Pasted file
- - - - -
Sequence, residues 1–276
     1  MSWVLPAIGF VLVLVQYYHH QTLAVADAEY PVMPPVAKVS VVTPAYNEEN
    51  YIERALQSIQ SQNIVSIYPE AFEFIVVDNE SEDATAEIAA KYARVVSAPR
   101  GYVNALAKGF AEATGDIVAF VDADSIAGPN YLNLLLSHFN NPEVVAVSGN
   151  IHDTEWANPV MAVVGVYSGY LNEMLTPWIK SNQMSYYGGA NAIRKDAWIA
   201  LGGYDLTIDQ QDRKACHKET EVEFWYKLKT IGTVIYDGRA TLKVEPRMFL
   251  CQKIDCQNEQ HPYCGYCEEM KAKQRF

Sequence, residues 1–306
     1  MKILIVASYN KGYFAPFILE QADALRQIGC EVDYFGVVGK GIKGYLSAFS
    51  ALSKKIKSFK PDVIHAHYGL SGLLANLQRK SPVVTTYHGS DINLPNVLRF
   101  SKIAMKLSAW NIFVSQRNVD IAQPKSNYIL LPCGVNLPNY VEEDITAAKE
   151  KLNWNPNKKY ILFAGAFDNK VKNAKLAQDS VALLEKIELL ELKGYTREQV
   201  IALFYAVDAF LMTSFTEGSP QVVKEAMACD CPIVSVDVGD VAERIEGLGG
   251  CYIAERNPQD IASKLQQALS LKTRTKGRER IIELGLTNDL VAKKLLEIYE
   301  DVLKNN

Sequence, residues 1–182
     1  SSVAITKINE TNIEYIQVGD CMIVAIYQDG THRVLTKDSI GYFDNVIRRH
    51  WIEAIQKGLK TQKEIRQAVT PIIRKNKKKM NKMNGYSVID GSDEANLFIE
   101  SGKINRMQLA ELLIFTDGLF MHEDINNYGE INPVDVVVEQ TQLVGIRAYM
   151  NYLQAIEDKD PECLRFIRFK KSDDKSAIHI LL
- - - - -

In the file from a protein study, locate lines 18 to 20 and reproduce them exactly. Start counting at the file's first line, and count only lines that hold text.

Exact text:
    51  WIEAIQKGLK TQKEIRQAVT PIIRKNKKKM NKMNGYSVID GSDEANLFIE
   101  SGKINRMQLA ELLIFTDGLF MHEDINNYGE INPVDVVVEQ TQLVGIRAYM
   151  NYLQAIEDKD PECLRFIRFK KSDDKSAIHI LL